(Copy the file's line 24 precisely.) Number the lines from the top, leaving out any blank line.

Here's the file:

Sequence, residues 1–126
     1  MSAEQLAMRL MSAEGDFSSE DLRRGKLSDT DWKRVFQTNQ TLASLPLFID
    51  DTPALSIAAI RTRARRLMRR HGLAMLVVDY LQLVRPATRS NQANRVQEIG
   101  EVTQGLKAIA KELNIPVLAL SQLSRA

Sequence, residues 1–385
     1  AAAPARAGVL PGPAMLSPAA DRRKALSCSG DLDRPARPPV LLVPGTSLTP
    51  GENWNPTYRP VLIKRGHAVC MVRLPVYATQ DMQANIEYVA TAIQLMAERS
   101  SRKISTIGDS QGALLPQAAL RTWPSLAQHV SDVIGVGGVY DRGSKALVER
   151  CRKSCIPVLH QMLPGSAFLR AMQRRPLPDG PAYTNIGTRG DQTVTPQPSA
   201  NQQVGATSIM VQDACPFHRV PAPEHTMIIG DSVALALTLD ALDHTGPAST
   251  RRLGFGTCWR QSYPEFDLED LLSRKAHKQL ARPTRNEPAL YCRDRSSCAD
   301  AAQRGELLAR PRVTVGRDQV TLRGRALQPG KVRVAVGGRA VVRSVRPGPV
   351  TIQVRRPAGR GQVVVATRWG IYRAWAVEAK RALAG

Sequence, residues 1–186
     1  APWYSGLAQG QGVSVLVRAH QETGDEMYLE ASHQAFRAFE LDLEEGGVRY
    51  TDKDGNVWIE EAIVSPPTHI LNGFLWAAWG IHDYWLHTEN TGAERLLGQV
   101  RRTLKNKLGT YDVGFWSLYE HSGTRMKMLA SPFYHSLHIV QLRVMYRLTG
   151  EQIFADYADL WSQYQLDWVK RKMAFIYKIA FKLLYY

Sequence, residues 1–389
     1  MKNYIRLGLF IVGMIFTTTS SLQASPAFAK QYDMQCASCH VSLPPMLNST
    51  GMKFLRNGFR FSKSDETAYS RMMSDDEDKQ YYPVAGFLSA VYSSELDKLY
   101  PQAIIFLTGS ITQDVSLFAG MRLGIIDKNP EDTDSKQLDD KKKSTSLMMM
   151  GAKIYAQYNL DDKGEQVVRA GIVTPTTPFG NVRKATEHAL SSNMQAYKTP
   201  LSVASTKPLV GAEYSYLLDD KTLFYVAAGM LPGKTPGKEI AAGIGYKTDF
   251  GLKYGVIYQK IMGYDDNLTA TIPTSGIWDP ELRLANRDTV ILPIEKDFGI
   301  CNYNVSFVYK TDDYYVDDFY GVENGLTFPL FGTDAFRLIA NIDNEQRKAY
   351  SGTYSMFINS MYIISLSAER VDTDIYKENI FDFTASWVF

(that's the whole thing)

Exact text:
   201  LSVASTKPLV GAEYSYLLDD KTLFYVAAGM LPGKTPGKEI AAGIGYKTDF